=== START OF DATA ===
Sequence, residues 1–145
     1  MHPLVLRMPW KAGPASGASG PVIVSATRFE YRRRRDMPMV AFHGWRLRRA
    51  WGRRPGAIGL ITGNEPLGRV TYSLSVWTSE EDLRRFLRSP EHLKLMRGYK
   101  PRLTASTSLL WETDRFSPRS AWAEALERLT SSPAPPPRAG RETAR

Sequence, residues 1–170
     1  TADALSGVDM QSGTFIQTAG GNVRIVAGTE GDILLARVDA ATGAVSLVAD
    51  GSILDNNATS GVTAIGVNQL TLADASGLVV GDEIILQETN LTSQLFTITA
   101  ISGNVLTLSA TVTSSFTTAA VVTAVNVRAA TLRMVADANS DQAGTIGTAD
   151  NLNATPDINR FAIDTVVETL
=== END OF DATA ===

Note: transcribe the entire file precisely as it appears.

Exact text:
Sequence, residues 1–145
     1  MHPLVLRMPW KAGPASGASG PVIVSATRFE YRRRRDMPMV AFHGWRLRRA
    51  WGRRPGAIGL ITGNEPLGRV TYSLSVWTSE EDLRRFLRSP EHLKLMRGYK
   101  PRLTASTSLL WETDRFSPRS AWAEALERLT SSPAPPPRAG RETAR

Sequence, residues 1–170
     1  TADALSGVDM QSGTFIQTAG GNVRIVAGTE GDILLARVDA ATGAVSLVAD
    51  GSILDNNATS GVTAIGVNQL TLADASGLVV GDEIILQETN LTSQLFTITA
   101  ISGNVLTLSA TVTSSFTTAA VVTAVNVRAA TLRMVADANS DQAGTIGTAD
   151  NLNATPDINR FAIDTVVETL